Why Red Bull’s F1 rivals see its ‘minor’ breach as anything but

But what is clear is that while Red Bull’s labeling of overspending has been officially classed as a “minor” offence, its opposition view it as anything but a small matter.

To qualify as a “minor” rather than a “material” infraction, teams must have spent less than 5% of the compensation. So, with last year’s cost cap being around $145 million, that could still be as high as $7.25 million.

There has been no confirmation from the FIA ​​or Red Bull as to the extent of the breach, but there have been numerous suggestions that it was between $1 million and $2 million.

It might seem like a small amount of money in the grand scheme of things, but when it comes to development budgets, extra spending like that ultimately makes a big difference.

Lewis Hamilton has referenced just an extra $500,000 of development funds released for Mercedes last year, enough to allow him to bring in a new floor design, which would have picked up the pace of his car to potentially change the outcome of the title race.

As his team manager, Toto Wolff, said during the Singapore GP: “If it’s a so-called minor infraction, I think the word is probably not correct.

“If you spend 5 million more and you are still in a minor breach, it still has a big impact on the championship.

“To give you an idea, we obviously closely monitor the parts brought to the track by the top teams at each race – 2021 season and 2022 season.

“We can see that there are two top teams that are about the same and there is another team that spends more. So we know exactly that we spend three and a half million a year in the parts that we bring to the car. And then you can see what a difference it makes to spend another 500,000 – it would be a difference.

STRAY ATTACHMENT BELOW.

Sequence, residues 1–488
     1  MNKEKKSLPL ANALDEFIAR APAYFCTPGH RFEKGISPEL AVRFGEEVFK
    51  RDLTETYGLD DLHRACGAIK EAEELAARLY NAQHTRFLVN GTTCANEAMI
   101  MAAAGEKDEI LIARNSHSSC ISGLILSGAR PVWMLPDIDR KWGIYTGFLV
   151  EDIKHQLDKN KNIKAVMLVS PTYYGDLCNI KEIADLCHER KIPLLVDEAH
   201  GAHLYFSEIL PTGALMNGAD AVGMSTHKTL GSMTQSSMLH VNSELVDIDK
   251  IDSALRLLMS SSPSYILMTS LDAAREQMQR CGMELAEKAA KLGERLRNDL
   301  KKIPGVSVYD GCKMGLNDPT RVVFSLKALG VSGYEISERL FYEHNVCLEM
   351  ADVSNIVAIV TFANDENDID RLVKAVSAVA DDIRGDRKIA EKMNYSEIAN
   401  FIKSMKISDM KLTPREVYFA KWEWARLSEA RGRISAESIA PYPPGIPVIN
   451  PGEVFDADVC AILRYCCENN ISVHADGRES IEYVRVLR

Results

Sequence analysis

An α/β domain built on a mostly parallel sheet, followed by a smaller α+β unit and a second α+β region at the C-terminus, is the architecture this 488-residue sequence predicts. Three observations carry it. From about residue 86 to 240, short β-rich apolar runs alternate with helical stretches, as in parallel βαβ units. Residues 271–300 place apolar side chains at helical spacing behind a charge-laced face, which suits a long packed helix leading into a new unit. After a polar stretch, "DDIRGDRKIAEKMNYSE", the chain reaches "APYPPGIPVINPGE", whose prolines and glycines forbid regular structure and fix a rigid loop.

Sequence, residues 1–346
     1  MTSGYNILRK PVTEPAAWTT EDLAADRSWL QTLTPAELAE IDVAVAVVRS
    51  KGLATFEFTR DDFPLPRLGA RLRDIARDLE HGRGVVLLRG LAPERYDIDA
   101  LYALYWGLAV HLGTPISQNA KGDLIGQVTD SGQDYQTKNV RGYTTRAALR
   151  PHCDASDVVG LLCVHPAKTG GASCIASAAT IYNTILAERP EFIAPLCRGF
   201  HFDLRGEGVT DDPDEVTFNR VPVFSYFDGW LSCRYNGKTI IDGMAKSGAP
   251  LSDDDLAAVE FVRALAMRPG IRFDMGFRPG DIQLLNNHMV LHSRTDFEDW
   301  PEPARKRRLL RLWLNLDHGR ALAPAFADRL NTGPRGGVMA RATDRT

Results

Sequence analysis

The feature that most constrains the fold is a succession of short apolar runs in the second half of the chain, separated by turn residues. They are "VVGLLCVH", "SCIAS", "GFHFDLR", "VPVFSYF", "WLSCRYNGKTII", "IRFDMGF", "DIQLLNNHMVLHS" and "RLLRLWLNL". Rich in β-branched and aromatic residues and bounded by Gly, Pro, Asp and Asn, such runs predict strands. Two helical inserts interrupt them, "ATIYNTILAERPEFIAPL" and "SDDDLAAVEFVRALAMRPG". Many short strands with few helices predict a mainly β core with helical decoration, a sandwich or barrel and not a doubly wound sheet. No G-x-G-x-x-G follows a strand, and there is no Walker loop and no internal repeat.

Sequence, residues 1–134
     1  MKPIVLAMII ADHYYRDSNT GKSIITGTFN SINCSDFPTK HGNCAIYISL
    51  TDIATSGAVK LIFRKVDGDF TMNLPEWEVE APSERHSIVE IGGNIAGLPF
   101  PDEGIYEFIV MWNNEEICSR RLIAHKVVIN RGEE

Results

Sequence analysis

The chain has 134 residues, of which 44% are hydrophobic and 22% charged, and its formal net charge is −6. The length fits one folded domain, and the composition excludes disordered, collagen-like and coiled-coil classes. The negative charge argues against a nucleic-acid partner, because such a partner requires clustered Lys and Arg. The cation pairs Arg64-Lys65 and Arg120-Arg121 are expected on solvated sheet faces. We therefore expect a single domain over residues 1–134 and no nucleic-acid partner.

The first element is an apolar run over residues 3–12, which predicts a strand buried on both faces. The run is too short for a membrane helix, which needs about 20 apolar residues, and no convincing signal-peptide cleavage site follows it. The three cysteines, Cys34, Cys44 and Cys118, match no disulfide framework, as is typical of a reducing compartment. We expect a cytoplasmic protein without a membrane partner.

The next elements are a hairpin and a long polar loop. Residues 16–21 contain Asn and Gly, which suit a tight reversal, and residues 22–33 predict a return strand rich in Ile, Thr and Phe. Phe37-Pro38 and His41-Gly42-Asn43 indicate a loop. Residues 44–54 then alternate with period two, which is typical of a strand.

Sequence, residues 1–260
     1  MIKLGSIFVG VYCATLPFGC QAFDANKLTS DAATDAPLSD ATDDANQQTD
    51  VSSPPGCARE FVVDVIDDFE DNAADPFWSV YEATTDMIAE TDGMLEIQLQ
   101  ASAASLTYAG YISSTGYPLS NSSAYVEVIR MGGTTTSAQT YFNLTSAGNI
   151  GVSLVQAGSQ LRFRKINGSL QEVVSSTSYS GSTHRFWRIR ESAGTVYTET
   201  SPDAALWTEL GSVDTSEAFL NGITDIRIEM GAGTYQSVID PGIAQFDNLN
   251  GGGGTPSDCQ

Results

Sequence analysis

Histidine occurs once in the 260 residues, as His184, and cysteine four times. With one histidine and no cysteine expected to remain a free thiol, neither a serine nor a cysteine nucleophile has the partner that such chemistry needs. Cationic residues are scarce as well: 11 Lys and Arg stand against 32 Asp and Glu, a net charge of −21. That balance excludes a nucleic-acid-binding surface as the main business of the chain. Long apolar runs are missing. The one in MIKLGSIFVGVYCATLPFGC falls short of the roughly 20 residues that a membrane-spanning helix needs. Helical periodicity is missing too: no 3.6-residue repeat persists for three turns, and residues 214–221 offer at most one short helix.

“We haven’t produced lightweight parts for the car to bring us down from double digit overweight because we just don’t have the money. So we have to do it for the car of the year. next.

“We can’t homologate a lightweight chassis and introduce it, because it’s only $2 million that we’ll exceed the cap. So you can see that every extra expense has a performance benefit.”

It’s this trade-off between spend and performance that top teams have had to juggle in the era of cost caps, and it’s why a rival’s overspend is so important to them.

Ferrari in particular has repeatedly called for maximum penalties. The team believes this is the only way to ensure that teams strictly adhere to the cost cap in the future and are not encouraged to game the system by exchanging excessive spending for richer rewards than any punishment inflicted will cost them.

Ferrari hasn’t said anything publicly since the FIA’s statement on Red Bull’s breach, but it’s understood the team’s position remains unchanged and they want financial breaches to be dealt with as strictly as technical breaches. where cars are disqualified if the parts are a few millimeters apart.

For Red Bull’s main rivals, perhaps even more important than any potential penalties imposed is that there is full transparency in how the matter is handled.